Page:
Leadership Skills

Don’t just be a boss — be a leader. Maximize your leadership skills in the five most crucial areas: decision making, executive coaching, leadership training, strategic management and understanding your leadership style.

Situational leadership changes depending on the type of leadership (direction and support) each of your employee’s needs. Emotional leadership is based more on the theory of emotional intelligences and relates to the situation at hand.
Access more articles, tools and advice on maximizing your leadership skills.

In an interview with The Record (3/13/08, p. 20), rabbi and author Shmuley Boteach warned readers that there’s much more to life than the pursuit of professional success — something that many entrepreneurs are obsessed with.

At Google, anyone can be a leader—or at least act like one. The result is that anyone can be more effective, get more done, influence the process and support an innovative environment. To teach leadership to 20,000 employees, says Evan Wittenberg, head of global leadership development, Google leans on a few principles:

Perhaps you've heard of BHAGs: Big Hairy Audacious Goals. But you've never heard of BSAPs. That's because you're reading it here for the first time.
It’s easy to lead when everything’s rosy. But in times of disruptive change, leadership requires a different skill set.
Culture isn’t some vague, shapeless concept that’s constantly in flux. It’s actually a concrete, measurable set of characteristics. Define your culture and use it to your advantage.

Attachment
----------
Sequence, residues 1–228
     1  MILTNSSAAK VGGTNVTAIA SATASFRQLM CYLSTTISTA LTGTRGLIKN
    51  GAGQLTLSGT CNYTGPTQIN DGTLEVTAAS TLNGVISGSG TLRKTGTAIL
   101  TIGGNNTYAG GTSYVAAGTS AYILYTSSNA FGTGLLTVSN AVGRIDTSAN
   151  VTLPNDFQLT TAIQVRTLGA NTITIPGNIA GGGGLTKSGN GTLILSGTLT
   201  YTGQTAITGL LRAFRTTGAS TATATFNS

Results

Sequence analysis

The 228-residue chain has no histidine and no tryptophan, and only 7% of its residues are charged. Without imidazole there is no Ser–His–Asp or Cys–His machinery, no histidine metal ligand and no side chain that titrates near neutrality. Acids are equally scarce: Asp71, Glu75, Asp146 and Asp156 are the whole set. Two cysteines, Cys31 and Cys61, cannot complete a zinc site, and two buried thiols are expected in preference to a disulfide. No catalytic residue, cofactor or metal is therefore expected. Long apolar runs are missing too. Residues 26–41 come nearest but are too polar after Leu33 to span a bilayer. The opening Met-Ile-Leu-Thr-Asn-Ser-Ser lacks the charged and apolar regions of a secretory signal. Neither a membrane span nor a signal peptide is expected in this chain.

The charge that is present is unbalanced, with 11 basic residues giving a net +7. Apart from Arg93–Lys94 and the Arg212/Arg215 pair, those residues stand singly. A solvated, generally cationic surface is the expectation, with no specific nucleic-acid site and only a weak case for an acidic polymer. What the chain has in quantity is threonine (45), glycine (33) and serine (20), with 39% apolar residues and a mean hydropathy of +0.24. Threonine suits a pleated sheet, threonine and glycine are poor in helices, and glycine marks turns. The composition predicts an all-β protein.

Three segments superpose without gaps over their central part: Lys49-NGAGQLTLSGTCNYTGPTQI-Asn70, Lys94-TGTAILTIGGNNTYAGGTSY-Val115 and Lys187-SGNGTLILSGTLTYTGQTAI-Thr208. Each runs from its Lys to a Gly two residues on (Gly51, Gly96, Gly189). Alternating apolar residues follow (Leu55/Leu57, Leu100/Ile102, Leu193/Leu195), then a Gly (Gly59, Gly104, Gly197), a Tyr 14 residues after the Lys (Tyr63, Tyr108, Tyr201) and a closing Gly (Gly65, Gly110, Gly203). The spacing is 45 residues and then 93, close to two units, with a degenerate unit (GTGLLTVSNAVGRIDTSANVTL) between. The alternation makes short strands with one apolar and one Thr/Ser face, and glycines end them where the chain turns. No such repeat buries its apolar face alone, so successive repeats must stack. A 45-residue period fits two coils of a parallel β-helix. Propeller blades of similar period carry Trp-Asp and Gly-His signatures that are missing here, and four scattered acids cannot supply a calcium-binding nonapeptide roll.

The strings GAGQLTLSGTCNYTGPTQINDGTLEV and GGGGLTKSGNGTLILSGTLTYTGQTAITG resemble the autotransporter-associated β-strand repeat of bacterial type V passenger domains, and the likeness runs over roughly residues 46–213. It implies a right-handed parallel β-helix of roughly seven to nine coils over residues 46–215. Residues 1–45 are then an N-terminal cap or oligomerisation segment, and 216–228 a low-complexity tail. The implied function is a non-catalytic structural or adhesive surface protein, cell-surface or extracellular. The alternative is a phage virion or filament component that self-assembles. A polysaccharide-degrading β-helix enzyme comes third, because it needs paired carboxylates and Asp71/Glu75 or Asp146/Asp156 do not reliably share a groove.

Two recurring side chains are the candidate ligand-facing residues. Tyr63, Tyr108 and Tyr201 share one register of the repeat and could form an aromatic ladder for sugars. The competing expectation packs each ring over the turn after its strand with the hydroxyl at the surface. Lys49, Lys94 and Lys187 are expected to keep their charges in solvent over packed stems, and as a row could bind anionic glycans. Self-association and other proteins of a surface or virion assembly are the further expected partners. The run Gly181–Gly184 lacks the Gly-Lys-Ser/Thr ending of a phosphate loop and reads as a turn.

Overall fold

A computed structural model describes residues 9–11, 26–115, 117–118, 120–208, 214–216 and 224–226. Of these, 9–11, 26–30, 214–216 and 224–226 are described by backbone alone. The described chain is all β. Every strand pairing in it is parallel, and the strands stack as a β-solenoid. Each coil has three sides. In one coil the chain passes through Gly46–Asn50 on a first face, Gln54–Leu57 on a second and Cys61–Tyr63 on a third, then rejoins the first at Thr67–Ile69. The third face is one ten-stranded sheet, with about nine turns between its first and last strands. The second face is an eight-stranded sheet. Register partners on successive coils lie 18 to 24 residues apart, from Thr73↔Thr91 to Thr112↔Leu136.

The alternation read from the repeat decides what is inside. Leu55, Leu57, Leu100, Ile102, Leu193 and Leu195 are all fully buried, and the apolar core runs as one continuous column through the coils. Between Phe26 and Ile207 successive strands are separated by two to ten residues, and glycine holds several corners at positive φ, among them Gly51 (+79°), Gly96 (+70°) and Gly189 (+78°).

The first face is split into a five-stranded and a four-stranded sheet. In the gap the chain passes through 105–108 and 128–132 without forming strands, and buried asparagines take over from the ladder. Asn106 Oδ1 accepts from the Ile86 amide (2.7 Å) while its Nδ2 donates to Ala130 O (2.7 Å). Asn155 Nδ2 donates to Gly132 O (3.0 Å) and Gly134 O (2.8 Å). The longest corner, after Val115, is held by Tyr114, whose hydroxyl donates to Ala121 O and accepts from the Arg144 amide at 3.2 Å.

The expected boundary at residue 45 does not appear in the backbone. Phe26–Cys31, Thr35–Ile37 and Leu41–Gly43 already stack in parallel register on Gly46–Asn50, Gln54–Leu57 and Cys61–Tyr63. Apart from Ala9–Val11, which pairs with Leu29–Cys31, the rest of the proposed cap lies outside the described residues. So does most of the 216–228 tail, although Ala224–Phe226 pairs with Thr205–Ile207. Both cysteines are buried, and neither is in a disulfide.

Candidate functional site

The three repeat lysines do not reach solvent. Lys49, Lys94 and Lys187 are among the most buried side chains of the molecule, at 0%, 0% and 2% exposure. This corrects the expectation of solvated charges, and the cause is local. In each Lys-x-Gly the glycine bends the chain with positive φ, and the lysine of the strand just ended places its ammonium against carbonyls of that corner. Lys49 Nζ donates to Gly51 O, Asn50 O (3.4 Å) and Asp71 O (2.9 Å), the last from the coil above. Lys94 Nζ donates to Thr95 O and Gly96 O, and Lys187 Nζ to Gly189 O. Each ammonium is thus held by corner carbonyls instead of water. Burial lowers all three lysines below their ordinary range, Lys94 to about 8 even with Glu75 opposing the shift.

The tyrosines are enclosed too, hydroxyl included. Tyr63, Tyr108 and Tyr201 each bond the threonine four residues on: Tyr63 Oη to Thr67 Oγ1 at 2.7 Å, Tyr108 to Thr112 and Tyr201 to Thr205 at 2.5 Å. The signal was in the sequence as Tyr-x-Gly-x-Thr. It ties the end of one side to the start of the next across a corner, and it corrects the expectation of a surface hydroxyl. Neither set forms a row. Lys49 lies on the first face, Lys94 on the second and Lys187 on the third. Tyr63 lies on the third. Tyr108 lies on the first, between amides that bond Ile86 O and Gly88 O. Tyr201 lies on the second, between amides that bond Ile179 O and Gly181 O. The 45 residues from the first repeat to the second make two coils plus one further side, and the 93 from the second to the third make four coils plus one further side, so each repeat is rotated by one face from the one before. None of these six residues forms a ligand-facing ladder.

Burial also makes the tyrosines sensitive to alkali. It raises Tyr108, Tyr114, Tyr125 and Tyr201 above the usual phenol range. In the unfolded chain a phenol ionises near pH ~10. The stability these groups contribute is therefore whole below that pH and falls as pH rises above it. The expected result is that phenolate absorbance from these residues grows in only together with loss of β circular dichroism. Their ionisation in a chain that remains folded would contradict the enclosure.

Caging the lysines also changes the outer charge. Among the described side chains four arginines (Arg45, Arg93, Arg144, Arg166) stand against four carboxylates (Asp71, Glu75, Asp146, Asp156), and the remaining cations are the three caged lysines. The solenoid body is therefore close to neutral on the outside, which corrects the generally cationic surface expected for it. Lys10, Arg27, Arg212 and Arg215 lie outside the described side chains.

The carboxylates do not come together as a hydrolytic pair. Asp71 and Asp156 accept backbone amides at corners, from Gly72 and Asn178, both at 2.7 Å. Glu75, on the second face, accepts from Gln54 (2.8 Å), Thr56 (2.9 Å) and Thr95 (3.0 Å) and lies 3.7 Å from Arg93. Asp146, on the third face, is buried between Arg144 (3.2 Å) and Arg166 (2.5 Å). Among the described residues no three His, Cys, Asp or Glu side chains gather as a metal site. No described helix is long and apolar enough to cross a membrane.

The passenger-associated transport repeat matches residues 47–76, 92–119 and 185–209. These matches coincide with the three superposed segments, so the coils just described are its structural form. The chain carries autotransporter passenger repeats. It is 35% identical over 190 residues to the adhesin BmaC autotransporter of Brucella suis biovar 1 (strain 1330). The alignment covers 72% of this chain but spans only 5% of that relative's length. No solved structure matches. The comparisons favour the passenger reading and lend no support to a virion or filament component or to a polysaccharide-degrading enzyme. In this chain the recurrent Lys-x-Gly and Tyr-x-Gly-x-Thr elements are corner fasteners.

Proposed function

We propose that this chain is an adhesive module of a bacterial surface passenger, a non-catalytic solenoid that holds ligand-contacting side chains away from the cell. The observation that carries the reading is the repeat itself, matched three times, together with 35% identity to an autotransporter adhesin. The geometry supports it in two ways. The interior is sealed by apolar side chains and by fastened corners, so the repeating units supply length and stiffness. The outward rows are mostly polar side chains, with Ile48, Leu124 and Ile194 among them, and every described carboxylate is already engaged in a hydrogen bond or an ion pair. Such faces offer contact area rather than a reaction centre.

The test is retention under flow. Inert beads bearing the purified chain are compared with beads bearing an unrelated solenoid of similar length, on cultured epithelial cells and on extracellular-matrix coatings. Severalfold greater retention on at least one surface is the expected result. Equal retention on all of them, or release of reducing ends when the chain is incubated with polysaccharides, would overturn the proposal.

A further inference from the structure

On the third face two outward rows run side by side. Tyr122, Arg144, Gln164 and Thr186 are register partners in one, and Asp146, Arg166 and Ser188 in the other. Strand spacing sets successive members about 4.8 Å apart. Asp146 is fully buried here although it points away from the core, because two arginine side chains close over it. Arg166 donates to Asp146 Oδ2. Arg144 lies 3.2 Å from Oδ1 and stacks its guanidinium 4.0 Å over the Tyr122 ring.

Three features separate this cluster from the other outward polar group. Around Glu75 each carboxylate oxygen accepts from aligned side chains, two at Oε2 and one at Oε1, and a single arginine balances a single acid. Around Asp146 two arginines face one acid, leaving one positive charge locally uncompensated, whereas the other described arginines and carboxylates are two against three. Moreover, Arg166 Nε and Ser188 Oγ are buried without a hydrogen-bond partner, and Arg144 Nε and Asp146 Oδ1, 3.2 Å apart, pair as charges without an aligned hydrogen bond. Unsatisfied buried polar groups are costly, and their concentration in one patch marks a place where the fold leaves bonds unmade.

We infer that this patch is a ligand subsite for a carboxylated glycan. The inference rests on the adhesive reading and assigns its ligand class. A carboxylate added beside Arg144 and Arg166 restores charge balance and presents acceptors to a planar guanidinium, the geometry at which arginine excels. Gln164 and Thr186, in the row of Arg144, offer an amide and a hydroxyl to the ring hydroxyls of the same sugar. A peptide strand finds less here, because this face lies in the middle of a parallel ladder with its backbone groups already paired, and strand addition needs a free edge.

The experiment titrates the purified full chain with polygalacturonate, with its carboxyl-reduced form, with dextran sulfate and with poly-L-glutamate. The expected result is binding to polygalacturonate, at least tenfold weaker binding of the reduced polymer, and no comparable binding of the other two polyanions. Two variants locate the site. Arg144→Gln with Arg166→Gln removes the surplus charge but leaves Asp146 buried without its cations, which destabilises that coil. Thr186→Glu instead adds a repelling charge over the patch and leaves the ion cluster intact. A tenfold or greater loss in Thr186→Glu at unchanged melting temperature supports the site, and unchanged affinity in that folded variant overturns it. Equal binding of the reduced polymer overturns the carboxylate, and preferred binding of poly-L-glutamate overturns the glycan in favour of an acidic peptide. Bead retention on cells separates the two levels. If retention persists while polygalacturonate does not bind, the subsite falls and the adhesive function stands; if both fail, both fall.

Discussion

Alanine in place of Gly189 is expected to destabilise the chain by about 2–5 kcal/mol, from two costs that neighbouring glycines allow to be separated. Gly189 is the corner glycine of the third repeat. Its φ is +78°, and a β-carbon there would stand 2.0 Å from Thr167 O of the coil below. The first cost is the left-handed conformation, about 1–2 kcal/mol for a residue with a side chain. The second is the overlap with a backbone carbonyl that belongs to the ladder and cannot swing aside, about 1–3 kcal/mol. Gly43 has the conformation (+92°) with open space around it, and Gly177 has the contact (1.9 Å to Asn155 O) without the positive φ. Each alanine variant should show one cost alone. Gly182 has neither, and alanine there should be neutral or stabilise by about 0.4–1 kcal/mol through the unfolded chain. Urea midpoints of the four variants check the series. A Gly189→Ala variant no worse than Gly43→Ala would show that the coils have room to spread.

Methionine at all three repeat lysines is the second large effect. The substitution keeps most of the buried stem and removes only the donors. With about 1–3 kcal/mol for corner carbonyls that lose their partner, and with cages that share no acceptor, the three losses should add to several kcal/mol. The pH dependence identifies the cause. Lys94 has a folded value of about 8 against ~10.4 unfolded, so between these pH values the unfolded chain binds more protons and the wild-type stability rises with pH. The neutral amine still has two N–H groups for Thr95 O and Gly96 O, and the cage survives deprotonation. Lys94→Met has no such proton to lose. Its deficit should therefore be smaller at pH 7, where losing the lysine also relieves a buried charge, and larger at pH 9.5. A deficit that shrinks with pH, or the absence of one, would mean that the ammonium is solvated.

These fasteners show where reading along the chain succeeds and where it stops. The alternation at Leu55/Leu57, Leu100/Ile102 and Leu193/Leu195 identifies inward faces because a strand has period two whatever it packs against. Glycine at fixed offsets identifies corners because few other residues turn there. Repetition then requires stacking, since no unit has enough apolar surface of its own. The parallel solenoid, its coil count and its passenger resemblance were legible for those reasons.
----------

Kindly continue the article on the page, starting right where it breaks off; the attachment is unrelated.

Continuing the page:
Recently we interviewed Jim Whittaker. As the first American to reach the summit of Mount Everest, he shared his approach to achieve his goal.

Think for a second: Has the money you’ve spent on marketing grown your business this year? If not, it’s time to make changes in your 2010 marketing plans. No matter what type of marketing you use—e-mail, direct mail, ads, Internet, word-of-mouth—here are five simple changes guaranteed to boost results and revenue:

In my presentations and group coaching, I’m fond of quoting Charles de Gaulle’s observation that “The cemeteries are full of indispensable men.” Chairman of the Federal Reserve Ben Bernanke may be the exception to de Gaulle’s rule.

First, set aside the stereotype that the federal bureaucracy is inherently dysfunctional. Sure, it’s got plenty of faults. But Uncle Sam’s best-run agencies can actually teach private-sector employers a thing or two about HR. Here are eight lessons employers can learn from the biennial agency-by-agency ranking of federal employers:

Despite a two-year rise in job satisfaction between 2006 and 2008, about 212,000 federal workers consistently gave lower ratings than private-sector workers on their supervisors’ leadership skills, openness and willingness to help employees advance.